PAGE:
When Nama is up and running, the banks will be able to borrow far greater amounts from the ECB. Some of this money may be lent to the private sector (one hopes), but it is likely that substantial funds will be made available to the Government to finance the budget deficit.
This may be the main reason why the Irish banks were not nationalised. If they had been nationalised this transfer of funds could not occur, since the ECB cannot lend directly to government.
I’m afraid I have to disagree with this argument for why Irish banks cannot be nationalised.
Timely warnings were issued by academic commentators in both Iceland and Ireland long before the collapse. On Iceland’s sidelining of its most internationally-prominent economist, see my recent book review for the Irish Times. The Sunday Independent afforded me the chance, a few weeks ago, to review the policy concerns that I had been expressing over the last decade (see here). I was not in any way a lone voice, but the space allotted allowed me examine only my own record. I was particularly disappointed to see Minister Eamon Ryan coming out with as ignorant a reaction to academic economists’ interventions as Denis O’Brien’s.
This CREI report by Bruno Cassiman is an accessible overview of this link between scientific research and innovation.
I linked a few weeks ago to a video of Peter Mathews discussing NAMA. Peter is a former banker with ICC and currently an independent banking and property consultant (here‘s a link to a full profile). He is giving a public talk tonight at the RDS Concert Hall at 8PM titled “NAMA Will Lose €12 billion: There’s a Sounder Alternative.” I have spoken with Peter on a number of occasions and have found him to be highly informative on the subject of Irish banking so I recommend attending his talk if you can.
Last week NAMA published a draft business plan. It contained a detailed description of how NAMA was supposed to operate. It told us, for instance, that the loans of the largest 100 to 150 borrowers “will be managed directly by NAMA.” (page 28) and explained a timeline for how NAMA intended to recover funds from the loans it was acquiring.
NAMA’s draft business plan did not mention a Special Purpose Vehicle.
Eurointelligence today carries an interesting news report
Sweden proposes stability tax
The Swedish finance minister Anders Borgh has written to his EU colleagues in favour a stability tax levied on banks who proceeds could be used for future bail-outs. Sweden has already imposed a tax of 0.0036% of bank liabilities. FT Deutschland points out that this is not a Tobin tax on bank transactions. Sweden has introduced this tax this year, and expects the revenue from this tax to grow to 2.5% of GDP in fifteen years.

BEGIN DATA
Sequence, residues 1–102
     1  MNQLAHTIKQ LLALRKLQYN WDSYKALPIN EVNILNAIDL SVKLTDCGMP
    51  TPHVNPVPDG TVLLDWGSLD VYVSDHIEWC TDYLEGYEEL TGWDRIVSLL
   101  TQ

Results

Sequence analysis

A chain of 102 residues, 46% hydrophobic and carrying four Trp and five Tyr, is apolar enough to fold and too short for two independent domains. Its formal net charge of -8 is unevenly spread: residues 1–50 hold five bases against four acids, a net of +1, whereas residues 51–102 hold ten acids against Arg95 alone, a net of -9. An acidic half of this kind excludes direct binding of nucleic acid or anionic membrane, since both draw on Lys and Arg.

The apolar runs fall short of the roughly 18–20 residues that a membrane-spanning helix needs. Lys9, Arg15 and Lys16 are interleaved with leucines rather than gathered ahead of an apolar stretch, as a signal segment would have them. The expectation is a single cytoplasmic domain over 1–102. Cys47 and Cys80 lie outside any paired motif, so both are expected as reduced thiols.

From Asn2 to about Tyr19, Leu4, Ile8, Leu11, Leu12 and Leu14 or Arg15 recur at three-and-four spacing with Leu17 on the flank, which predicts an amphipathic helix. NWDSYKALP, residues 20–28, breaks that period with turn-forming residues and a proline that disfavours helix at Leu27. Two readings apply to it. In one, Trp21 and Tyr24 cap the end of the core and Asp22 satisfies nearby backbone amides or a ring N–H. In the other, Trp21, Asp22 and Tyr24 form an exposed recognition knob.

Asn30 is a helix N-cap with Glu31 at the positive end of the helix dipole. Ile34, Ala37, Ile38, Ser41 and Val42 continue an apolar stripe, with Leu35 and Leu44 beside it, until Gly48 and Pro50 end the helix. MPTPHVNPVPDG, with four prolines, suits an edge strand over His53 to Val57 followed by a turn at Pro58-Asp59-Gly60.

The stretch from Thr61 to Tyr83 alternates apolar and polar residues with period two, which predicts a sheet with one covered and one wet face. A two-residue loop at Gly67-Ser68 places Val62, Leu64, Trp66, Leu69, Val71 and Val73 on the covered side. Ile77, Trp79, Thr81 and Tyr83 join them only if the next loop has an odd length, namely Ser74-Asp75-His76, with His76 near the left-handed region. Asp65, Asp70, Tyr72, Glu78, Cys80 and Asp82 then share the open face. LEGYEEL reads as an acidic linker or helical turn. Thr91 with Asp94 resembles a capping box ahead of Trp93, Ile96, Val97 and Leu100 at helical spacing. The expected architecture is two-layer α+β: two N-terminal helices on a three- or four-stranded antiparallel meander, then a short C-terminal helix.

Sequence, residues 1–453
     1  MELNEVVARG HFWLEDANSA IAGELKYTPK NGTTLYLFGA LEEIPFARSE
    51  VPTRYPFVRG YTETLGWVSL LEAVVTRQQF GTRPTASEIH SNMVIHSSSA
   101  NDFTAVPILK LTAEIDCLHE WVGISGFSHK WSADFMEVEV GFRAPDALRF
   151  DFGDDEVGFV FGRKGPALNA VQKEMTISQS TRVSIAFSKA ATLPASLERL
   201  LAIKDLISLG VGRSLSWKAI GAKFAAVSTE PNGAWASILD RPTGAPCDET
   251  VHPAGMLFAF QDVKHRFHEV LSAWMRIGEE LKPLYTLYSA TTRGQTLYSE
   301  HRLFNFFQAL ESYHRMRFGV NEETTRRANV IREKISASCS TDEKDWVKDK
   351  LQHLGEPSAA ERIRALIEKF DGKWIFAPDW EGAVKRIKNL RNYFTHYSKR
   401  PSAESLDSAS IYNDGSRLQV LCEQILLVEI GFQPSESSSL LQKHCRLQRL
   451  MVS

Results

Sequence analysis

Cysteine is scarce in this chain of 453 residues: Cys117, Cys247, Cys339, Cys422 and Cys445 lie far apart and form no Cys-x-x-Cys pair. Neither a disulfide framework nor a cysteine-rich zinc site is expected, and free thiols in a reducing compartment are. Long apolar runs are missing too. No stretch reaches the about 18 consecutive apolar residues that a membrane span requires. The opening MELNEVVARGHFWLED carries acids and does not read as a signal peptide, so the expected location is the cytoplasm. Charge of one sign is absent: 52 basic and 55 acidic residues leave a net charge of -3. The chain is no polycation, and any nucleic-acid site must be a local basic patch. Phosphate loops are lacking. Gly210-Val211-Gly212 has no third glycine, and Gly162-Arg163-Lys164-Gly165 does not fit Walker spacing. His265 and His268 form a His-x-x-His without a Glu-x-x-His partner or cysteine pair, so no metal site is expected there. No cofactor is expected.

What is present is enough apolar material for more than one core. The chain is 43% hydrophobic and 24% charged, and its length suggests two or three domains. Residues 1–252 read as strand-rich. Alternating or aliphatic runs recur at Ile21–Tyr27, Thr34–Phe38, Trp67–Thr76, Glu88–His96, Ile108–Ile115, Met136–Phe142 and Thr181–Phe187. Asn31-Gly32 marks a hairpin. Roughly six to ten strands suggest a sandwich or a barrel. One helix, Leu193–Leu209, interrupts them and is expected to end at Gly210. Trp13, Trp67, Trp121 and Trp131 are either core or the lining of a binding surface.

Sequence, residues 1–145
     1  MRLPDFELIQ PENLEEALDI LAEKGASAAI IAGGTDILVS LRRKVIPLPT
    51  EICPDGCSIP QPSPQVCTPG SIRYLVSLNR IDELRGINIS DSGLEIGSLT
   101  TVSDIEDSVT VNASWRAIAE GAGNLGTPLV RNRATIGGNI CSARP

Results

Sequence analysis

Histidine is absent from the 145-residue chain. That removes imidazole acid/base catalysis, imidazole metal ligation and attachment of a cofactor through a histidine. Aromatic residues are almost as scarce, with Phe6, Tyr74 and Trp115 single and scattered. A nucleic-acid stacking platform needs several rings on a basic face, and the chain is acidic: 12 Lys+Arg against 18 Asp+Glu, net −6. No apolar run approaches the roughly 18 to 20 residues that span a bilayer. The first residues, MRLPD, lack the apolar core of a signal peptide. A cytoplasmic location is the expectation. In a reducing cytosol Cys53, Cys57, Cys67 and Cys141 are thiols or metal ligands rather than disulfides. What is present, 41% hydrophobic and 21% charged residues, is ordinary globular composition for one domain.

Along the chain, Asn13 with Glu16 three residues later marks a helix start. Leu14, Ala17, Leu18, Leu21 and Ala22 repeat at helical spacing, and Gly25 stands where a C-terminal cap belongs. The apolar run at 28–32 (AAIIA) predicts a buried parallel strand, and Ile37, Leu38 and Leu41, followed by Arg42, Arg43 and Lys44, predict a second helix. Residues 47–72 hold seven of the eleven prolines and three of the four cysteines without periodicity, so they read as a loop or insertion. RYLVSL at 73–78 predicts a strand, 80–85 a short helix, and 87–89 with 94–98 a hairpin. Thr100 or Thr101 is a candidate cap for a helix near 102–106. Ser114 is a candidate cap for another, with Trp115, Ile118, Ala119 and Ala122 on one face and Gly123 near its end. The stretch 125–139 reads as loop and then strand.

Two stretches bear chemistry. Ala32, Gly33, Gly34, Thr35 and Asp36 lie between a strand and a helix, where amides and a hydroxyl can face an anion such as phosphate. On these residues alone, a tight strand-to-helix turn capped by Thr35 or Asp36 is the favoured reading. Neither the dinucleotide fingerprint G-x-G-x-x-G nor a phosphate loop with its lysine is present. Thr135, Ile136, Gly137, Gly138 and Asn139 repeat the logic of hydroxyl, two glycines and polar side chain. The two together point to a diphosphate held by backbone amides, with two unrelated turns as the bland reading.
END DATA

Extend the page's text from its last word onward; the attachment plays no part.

Such a ‘rainy day’ fund would have been helpful during the current crisis (although there is a classic moral hazard counter-argument). Indeed, I had previously suggested the establishment of such a fund as part of Ireland’s preparations for EMU membership, given the fiscal costs that accrue in the event of banking crisis. My contribution can be downloaded here. The difference is that the Swedish fund is financed by a tax on the banking sector, whereas I had in mind a fund to be accumulated from general tax revenues.
That’s how Buttonwood describes the relationship between the banks and government in Britain and America in his/her latest column in The Economist.
The piece goes on to predict:
. . . this leads to an odd symbiotic relationship in which governments have stepped in to rescue the banks, only for the banks in turn to finance the government. In the long run the danger is that this cosy relationship means lending is diverted away from productive private-sector projects and into government spending. Economic growth will be slower as a result.
It seems very relevant to the debate on the Irish banking crisis.
Eurostat has determined that NAMA falls outside the general government sector: see the materials here.
Update: The SIV framework is puzzling some readers, especially the role of private equity investors. A handy primer is provided here and this report highlights that payouts from SIVs are typically skewed towards debt and management fees, with only a limited allocation to equity investors.
A list of proposed amendments to the NAMA bill is available here.
The IIEA is hosting some excellent speakers in the coming weeks: David Wright, Deputy Director General of DG MARKET at the European Commission; Stefan Ingves, Governor of the Sveriges Riksbank; and Justin O’ Brien, Centre for Applied Philosophy and Public Ethics at the Australian National University.
Full details are available here.
The intended purpose of this blog plus some operational guidelines are available here.
I would ask all those making contributions to maintain a civil tone. While it is sometimes tempting, it distracts from the usefulness of the site if commenters are sidetracked into ‘playing the man, not the ball’ (even if provoked!). Also, any posts using unparliamentary language will be deleted.
Colm McCarthy’s Kenmare paper is now available as Irish Economy Note No.8.
A reader has noticed this call from the nation’s astrologers for extra public funding.